Opening 13 Mar 2014
It’s the beginning of World War II. Liesel, her small brother and her mother are sitting in a train, then the brother dies, then Liesel, her mother and a pastor are holding the funeral in a graveyard, where Liesel steals her first book, The Gravediggers Handbook. Why not start with this book if you are illiterate to begin with? All of that in the first five minutes.
For some reason Liesel’s mother is shoved off somewhere, so that Liesel must spend the rest of the film from 1938 to 1945 with foster parents Hans and Rosa Hubermann in a small village (actually filmed in Görlitz, Germany’s most eastern town in Saxony). She makes friends with Rudy who is good in sports. The Nazis check people’s basements, supposedly to evaluate accessibility in case of an air raid – something which causes a flurry in the Hubermann household since they have been sheltering a young Jewish man, Max Brandenburg, for many months. Liesel delivers the washing (extra income for Rosa) to Ilse Hermann, the wife of the mayor – a sad woman with a huge library of books. Interesting that none of her books seemed to have been destroyed in the book-burning ceremony held in the village market place by the German Student Association of Nazi Germany.
The Book Thief is an extremely successful book by Markus Zusak, originally printed in Australia in 2005, and now required reading in most schools. It is perhaps too powerful ever to make a convincing film, no matter how much a film can allow us to enhance our visualization of the book. This film is successful visually: the old-timer (1938) cars, the hideaway cellar with a whole dictionary of words painted on the walls, the kitchen with its Bunzlauer porcelain (filmed on set at Babelsberg Studios in Berlin), as well as prisoners marching through the village. Sophie Nélisse is fine as Liesel – not such an easy job, considering that she has to age six years in 131 minutes. Emily Watson (hardly recognizable as herself) as Rose and Geoffrey Rush as Hans actually steal the show; the story pivots on their talents. They keep their distance in the village and call people Saumensch (filthy pig – we would probably say “bitch”). I loved having them transport snow and a snow man into the cellar for the benefit of Max, who never sees the stars, much less snow, although the ensuing iciness causes him to become ill.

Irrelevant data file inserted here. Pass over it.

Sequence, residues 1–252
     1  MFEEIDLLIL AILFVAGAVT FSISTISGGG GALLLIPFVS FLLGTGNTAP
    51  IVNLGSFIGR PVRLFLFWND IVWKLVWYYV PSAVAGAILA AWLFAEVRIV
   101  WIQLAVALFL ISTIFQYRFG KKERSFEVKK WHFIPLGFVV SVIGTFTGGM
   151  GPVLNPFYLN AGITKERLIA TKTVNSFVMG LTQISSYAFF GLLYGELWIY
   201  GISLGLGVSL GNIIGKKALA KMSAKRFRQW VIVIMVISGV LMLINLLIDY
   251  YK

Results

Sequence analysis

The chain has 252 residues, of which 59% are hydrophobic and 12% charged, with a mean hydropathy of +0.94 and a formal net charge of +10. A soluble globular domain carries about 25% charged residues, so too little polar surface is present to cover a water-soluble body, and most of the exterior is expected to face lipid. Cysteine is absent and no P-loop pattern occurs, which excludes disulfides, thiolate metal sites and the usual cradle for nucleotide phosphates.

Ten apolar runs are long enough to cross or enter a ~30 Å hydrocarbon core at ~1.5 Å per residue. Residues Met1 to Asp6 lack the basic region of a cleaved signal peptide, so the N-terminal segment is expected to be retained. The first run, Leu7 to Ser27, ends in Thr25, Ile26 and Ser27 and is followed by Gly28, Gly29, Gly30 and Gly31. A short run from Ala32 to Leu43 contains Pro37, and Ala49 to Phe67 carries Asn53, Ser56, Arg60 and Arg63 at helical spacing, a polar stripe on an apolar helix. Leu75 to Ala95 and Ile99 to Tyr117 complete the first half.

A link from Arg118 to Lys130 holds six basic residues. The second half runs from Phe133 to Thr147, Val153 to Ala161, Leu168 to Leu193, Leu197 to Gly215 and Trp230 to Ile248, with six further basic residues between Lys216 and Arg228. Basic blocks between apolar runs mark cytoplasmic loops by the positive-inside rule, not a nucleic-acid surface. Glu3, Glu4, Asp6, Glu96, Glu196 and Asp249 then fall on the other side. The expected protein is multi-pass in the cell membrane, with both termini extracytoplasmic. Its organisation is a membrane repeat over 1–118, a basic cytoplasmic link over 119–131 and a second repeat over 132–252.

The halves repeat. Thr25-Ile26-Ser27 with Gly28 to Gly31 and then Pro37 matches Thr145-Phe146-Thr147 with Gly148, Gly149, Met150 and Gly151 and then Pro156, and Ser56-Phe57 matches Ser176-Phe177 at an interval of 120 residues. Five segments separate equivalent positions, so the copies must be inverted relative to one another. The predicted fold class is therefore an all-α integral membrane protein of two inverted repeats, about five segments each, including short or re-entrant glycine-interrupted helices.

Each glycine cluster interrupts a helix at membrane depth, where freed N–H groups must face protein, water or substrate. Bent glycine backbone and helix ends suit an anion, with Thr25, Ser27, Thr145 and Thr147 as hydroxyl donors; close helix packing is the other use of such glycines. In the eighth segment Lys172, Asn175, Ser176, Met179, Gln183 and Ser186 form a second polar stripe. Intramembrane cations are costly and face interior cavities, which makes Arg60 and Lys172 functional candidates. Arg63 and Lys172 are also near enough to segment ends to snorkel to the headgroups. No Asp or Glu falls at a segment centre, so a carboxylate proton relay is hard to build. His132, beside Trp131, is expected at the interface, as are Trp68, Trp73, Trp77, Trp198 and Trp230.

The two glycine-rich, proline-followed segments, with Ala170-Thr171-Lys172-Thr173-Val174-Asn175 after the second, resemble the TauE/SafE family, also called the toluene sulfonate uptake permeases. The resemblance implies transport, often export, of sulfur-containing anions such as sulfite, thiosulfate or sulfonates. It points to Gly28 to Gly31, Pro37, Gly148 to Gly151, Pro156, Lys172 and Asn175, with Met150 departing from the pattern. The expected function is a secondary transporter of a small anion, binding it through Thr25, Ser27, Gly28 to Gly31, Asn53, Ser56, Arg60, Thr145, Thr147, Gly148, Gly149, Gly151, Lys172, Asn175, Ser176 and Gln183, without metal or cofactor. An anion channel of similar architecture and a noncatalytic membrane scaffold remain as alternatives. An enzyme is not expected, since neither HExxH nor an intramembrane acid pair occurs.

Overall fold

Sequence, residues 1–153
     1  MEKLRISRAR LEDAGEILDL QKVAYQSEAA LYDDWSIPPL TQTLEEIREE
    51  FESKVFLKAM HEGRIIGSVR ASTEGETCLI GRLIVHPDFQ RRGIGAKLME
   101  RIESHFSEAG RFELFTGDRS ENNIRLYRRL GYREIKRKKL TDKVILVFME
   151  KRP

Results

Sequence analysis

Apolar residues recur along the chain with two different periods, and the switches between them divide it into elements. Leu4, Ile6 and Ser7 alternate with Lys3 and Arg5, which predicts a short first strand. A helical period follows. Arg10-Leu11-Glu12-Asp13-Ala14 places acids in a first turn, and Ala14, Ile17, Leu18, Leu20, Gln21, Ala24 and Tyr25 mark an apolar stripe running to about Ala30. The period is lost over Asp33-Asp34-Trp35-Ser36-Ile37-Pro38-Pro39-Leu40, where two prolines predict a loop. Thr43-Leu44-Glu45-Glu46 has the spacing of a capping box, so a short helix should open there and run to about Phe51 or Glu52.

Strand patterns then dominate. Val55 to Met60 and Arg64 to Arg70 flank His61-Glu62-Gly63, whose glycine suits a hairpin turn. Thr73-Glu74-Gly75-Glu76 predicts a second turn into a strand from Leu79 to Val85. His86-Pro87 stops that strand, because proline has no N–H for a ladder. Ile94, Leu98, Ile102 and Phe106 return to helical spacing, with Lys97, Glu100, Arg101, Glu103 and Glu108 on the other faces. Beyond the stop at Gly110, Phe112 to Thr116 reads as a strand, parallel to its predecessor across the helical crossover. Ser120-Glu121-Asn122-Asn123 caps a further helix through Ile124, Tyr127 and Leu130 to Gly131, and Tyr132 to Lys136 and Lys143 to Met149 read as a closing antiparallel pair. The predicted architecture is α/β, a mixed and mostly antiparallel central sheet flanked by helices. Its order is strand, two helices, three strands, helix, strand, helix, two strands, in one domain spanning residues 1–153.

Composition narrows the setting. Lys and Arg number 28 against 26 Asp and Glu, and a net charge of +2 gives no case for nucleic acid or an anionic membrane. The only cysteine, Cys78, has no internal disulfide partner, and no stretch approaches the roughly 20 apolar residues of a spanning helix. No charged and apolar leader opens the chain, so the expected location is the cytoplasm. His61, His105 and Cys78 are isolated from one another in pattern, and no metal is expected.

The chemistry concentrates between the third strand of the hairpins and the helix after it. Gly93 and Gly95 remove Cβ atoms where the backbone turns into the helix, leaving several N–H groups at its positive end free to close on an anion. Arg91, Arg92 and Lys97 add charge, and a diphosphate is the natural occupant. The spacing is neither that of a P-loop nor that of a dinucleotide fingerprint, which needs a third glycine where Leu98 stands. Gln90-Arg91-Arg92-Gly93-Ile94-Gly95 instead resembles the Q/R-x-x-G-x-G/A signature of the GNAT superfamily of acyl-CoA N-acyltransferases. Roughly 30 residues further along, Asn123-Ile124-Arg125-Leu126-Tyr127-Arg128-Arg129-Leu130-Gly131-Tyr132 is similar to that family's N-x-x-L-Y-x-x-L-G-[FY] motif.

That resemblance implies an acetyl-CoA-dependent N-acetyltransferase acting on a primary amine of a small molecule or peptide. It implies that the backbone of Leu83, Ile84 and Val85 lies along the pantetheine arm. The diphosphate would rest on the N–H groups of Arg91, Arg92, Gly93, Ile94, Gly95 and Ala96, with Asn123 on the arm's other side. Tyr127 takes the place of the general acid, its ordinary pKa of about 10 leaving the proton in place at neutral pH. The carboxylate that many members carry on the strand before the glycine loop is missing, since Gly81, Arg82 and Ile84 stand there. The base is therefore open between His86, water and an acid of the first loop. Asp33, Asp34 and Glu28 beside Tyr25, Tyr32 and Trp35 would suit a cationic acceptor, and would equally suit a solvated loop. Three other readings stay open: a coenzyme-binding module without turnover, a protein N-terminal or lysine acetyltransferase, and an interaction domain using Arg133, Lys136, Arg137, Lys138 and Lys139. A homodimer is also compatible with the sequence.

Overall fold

Having said that, I think that Barbara Auer as the mayor’s wife never gets to do justice to her roll, always sitting morosely looking at her dead son’s photo, whereas she has an important role, passing along books to Liesel. Once again we have nerve-racking plunk plunk music (John Williams), hard to believe considering that he composed for Star Wars, Harry Potter, Superman, you name it. Sometimes silence is the best. We can hope that this will not be the ultimate film version. Until then you might just re-read the book. Naturally, you’ve already read it at least once. Right? (Becky Tan)